By nature, I don’t like leaving books unfinished. Yes, I’ll put them aside for a month if I’m just not feeling it right then, but I rarely start a book without finishing it. Some of it comes down to the sunk cost of buying the book, and some of it comes down to some strange psychological trick where I think I’ll be letting myself down if I don’t finish it.
Poppycock, I say. I’m gradually teaching myself to abandon the tyranny of needing to finish a book that’s terrible, or that I take no joy in reading.
The reason I’m writing this now is because I recently picked up a book that was so awful, so hackneyed, so clichéd and so ridiculous that I simply couldn’t finish it. That book was Sophie Kinsella’s I Owe You One. I had decided to grab a copy because the premise sounded fun and I’d never read any of her other books. I don’t like labeling things with terms like chick lit, and I try to read outside of my personal bubble. Better to know the world around you by reading stories with different perspectives.
Keep an open mind, they said …
What I hadn’t banked on was just how bloody tedious it would be. Even though I’ve reviewed loads of books for newspapers over the years, I found myself questioning my own judgment. Is it really as bad as I think it is, given how many people on Amazon seem to think it’s fantastic? Every time I put it down, I’d eventually pick it back up again, trying to find whatever it was that inspired the writers of online reviews to praise it like it was a book that would stand the test of time, would live on through the centuries and inspire musty academic essays by scholars in decades to come.
By the time I’d figured out I was right and that it was a few hundred pages of flaming garbage, I was already about a third of the way in. I didn’t want to keep going. I have piles – literally literary piles, towering on my desk and on the coffee table in my living room – of books that I have yet to crack open, so why waste another hour on something that clearly didn’t deserve my time.
So I put it down. I stopped reading it. And I told myself I wouldn’t be picking it back up again. I can’t describe how liberating it feels when you finally reach that decision.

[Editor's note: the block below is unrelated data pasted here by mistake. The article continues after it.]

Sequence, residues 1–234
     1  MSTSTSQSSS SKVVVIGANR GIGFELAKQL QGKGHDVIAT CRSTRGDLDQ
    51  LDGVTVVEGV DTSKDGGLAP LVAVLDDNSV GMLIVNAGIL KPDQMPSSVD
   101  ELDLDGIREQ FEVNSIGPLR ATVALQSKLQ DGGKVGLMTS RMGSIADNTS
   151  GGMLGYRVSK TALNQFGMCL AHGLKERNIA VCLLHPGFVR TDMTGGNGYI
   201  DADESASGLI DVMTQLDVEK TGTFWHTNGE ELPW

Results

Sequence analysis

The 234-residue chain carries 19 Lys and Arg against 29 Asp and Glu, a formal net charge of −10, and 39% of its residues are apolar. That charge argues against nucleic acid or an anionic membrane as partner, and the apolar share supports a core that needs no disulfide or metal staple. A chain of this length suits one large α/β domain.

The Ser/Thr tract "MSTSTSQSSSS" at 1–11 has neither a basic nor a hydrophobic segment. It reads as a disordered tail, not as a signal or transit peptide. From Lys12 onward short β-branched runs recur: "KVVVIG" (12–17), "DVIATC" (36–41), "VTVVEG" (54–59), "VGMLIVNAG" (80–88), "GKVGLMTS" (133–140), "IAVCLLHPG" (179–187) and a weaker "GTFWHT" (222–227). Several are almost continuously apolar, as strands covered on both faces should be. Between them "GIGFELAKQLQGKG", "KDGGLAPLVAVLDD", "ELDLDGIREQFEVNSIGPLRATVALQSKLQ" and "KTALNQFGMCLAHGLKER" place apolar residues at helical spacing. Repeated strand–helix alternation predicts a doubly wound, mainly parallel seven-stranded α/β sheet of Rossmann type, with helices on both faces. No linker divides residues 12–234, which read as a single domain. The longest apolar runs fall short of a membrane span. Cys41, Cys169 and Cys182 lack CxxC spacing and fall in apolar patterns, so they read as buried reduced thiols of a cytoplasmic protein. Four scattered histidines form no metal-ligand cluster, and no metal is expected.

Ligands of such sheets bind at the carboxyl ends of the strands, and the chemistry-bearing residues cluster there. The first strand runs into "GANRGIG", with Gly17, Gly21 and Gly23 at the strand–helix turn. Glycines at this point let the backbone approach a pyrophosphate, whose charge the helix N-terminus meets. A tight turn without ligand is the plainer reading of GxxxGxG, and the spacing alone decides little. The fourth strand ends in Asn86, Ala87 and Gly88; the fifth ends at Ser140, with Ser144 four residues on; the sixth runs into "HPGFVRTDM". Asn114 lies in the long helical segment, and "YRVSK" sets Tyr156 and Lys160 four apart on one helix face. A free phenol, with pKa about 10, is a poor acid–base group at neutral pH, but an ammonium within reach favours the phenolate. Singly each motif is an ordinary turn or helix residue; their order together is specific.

Know when to fold ’em
It’s not unlike dating. Just because you don’t click with a person doesn’t mean they’re a terrible human being (usually). It just means it’s not the book for you, though maybe it’s just the kind of book someone else would love. While I’d say that Kinsella’s book is objectively awful – because holy hell, it’s bad – it may resonate with other readers who are willing to overlook the obvious flaws in writing, character development and plot because it means something more than that to them. They recognize themselves in the story, or a situation they were in, and they connect.
Of course, I could never damage or destroy it – books are sacred like that. Maybe I’ll drop it off in a donation bin somewhere, where someone in need of a read, any read, will give it a good home. Maybe it’ll strike a chord and wind up sparking another five-star review on Amazon.
All I know is that giving up on a bad book can be almost as satisfying as finishing a moderately good book. It took me an English degree and a few decades of reading to figure that out, but there you have it. If you need permission to put down an awful book, go for it. There are other fish in the sea.
I was once like you and felt terrible guilt at not finishing a book. Then I came across two things that changed my mind. The first was a little article that my hairstylist had cut out and put up on her station mirror. I remember the title (in French) being something along the lines of “The charter of rights of readers” and the only entry I remember was that readers were under no obligation to finish a book. The second, more recent, was an interview with John Cleese who said that his rule of thumb for abandoning a book (no idea if he came up with it) was “100 pages minus your age”. He reasoned that the older you get, the less time you have to waste reading bad books.
Brilliant rule. I know some books can get off to a slow start, and that not every title will grab hold of you by the third page. But at the same time, a well written — and well edited — book will at least establish a tone and overall feeling by the time the first chapter is up. I almost feel like the rise of self-published books has shortened this runway for me. If there are many obvious typos or lazy cliches within the first dozen pages, I’ll make a conscious decision to either abandon the book or put up with it if the subject matter is unique enough to warrant the frustration.